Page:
We’ve seen it all too often so we just had to put a list together to save you from some major headaches and a hole in your wallet! Do your due diligence before you hire your next contractor. Make your decisions based on multiple factors like experience, good reviews, knowledge of the project and coding requirements. We know money doesn’t grow on trees and it does play a factor when choosing a contractor; however cheap quotes are typically the opposite of a good deal.
1. Ignorance of the town laws and coding regulations:
– Customer hires Company XYZ to build a new deck. The company quotes the customer half the cost of other estimates. Sounds like a good deal, right? Unfortunately Company XYZ didn’t know that to build the deck by code, they needed the correct sized floor joists for the span of your deck. They also left the original support posts which is not only a danger to you and your family, but it simply won’t pass inspection. That original quote that was so appealing at first sight has now turned into a nightmare. If the contractor decides not to bail, you’re looking at replacing or re-enforcing the deck structure, adding significant costs well over the original estimate and ending up with a hacked product.
2. Costs of Materials:
– Has your contractor tackled a project like this before of similar size? Inexperienced contractors can unintentionally underquote a job because they don’t realize the amount of materials needed or they didn’t realize how much it would cost them. The job might go swimmingly to start, however a contractor that miscalculates material costs will be sure to come knocking for more cash. It’s an easy one for them to sell you on because the costs are indirect – meaning they’re not asking you for the money, the lumber yard is. It’s not for their service, it’s for your house. The costs they gave you were a “volume discount” that you didn’t meet, etc. Trust us, they’ll be lots of excuses, the point is don’t fall for the bait and switch type of scheme; in this case, the “estimate total” is the bait and the “real total” is the switch.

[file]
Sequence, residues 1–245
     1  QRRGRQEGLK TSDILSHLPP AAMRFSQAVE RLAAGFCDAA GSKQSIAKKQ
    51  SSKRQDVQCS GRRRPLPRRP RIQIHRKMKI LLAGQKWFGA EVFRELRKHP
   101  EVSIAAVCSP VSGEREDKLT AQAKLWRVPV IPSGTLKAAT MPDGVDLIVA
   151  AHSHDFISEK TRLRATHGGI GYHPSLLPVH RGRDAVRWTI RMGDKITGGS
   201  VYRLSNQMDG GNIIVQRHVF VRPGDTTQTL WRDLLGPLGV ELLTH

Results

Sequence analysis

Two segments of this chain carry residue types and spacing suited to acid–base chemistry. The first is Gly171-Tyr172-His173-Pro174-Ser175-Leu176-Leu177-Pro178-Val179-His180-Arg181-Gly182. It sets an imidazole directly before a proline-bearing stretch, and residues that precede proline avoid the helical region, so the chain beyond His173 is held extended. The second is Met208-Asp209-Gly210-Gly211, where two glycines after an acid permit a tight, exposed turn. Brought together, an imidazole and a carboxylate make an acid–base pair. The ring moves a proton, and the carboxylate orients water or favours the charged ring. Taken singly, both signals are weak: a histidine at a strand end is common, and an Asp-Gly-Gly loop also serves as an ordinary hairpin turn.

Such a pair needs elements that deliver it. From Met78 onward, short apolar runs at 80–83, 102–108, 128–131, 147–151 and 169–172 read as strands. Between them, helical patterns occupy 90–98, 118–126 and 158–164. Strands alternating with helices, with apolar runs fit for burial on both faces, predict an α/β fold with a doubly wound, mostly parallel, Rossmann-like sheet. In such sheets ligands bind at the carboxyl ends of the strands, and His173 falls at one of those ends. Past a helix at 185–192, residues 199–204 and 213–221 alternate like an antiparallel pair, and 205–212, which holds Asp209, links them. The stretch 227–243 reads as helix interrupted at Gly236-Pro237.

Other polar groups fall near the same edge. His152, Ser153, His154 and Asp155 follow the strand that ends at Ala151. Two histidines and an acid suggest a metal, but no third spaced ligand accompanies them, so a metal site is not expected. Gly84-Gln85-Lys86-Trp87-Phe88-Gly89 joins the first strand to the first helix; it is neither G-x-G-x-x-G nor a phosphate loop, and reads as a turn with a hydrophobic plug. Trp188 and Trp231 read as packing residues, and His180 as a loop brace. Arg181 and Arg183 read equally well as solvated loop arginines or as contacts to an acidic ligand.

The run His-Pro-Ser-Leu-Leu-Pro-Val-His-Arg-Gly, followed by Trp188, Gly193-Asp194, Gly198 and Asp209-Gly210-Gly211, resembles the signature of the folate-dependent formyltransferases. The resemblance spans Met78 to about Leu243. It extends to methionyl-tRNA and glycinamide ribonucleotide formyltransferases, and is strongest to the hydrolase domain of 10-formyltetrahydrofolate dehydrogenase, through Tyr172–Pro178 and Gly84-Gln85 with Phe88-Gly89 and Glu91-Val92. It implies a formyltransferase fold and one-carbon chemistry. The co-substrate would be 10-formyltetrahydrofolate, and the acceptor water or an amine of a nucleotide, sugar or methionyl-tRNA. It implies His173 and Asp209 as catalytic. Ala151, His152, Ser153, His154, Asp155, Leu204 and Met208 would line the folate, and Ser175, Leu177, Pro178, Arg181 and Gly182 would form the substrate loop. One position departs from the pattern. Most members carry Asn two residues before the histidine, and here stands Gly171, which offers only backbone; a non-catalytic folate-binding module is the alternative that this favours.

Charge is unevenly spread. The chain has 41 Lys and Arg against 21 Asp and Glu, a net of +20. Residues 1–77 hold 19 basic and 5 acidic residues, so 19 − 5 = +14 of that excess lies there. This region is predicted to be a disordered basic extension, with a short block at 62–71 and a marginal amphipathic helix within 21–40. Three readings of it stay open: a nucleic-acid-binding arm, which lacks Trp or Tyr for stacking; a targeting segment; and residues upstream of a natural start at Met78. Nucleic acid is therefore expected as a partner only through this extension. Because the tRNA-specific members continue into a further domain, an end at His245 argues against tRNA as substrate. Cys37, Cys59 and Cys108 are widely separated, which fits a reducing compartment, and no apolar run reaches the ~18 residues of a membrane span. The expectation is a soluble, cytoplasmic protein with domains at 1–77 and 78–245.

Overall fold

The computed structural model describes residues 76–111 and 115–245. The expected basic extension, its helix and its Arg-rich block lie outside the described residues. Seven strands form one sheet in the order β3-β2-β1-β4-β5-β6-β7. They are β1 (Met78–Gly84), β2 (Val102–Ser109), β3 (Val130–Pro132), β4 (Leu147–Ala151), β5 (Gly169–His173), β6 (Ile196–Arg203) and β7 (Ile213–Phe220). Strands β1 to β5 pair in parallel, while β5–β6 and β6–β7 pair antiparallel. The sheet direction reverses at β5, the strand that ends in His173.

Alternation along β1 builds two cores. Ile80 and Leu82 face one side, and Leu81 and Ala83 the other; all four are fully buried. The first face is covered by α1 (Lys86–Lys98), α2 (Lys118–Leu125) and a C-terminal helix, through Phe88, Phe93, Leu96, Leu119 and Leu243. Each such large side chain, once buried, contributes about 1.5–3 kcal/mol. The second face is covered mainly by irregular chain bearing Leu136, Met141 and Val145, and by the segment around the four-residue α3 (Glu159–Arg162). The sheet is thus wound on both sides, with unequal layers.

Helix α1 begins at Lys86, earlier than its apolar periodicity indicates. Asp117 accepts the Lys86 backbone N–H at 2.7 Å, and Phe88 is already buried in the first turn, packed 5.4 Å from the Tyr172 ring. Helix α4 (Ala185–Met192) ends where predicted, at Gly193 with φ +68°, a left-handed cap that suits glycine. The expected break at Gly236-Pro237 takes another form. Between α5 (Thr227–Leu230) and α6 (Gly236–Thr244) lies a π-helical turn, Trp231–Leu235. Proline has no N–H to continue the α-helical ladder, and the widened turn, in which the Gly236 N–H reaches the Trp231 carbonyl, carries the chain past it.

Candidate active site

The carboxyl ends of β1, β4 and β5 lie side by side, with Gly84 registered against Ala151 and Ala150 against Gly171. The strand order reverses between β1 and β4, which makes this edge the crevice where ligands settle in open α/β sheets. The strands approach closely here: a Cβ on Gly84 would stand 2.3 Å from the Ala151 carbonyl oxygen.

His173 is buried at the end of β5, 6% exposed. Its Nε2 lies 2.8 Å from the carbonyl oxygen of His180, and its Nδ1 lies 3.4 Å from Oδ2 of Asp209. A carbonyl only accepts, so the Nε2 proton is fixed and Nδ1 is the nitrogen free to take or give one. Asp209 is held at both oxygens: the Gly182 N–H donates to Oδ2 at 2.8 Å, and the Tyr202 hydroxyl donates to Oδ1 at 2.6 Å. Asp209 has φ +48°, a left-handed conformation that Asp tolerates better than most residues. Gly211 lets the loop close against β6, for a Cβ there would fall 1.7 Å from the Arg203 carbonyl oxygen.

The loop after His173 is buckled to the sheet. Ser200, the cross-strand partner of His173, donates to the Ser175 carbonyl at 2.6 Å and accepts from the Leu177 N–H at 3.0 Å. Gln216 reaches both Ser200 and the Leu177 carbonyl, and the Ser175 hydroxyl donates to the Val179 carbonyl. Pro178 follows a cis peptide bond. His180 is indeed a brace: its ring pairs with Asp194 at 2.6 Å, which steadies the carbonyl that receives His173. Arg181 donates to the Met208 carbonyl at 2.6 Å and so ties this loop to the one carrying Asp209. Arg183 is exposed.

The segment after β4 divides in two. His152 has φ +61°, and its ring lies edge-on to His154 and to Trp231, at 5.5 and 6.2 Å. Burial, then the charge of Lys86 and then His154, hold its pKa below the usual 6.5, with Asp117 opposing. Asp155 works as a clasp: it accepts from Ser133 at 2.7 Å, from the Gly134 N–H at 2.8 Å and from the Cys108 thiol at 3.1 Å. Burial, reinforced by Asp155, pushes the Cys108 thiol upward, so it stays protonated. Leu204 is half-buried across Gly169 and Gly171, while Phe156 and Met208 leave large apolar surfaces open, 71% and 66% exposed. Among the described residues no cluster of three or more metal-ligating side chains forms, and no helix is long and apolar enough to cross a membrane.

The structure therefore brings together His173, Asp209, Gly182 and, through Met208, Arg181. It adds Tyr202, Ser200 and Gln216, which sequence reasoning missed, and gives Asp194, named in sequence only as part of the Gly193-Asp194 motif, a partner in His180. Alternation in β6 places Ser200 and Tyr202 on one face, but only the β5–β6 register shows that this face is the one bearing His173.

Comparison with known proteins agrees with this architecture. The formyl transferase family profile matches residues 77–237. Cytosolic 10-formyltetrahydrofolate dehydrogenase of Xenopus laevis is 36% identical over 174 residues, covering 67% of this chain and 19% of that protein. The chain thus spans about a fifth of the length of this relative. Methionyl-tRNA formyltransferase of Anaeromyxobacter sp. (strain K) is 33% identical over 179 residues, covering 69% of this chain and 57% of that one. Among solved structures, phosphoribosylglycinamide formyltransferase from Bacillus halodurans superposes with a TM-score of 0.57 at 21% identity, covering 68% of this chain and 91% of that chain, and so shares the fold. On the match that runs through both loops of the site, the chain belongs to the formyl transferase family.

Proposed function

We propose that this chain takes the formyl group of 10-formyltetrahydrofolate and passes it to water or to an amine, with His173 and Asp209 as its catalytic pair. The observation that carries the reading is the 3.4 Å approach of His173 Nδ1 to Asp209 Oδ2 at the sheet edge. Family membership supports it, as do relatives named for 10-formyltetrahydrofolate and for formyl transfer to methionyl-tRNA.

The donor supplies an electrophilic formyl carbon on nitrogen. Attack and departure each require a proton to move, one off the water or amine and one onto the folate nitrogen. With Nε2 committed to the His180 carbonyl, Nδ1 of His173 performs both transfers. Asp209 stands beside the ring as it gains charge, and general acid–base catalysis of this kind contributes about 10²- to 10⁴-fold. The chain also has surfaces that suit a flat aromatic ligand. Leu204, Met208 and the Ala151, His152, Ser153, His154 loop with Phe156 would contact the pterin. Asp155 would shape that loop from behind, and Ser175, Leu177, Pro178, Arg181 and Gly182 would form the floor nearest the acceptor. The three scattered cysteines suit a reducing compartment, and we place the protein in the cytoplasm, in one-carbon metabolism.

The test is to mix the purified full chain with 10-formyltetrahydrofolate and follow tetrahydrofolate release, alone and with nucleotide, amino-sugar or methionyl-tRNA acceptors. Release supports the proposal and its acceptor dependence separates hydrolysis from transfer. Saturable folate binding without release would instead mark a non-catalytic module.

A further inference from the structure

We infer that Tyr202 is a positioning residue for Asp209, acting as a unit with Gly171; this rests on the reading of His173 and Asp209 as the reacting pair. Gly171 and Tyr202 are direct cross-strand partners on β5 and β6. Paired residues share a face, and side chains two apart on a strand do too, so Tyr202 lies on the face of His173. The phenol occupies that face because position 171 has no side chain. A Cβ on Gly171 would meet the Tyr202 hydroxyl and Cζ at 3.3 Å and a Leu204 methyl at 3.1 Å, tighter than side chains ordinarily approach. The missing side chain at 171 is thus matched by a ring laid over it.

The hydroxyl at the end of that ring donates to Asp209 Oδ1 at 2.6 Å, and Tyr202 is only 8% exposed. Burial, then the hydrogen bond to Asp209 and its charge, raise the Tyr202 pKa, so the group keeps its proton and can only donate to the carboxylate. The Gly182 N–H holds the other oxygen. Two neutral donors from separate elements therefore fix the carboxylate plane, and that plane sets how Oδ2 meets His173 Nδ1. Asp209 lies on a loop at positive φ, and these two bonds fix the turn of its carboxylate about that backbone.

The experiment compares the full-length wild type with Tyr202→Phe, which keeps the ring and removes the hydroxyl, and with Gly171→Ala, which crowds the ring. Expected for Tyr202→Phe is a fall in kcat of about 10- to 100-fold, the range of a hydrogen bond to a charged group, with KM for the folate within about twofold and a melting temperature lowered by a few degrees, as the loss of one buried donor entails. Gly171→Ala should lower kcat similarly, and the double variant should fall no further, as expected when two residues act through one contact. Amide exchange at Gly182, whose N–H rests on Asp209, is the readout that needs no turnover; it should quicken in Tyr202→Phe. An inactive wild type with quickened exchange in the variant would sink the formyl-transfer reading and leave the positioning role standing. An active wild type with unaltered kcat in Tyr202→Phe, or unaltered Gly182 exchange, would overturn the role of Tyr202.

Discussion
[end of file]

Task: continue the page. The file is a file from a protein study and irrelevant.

3. Shortcuts & Cheap Materials:
– Shortcuts and cheap materials are the easiest things a contractor can do to increase his margins on a project. These things might pass inspection, but they certainly won’t pass the test of time. Cheap materials and under-built work will be very obvious in the changing New England weather. Between the chills and snow of winter and the heat of the summer – houses, decks, and other structures are moving like the owners that reside in them. Choosing a contractor that takes shortcuts or uses materials that are not durable can be a big mistake. Before long, you’ll notice splitting, cracking, warping, fading, and all the other nasty adjectives that require replacing.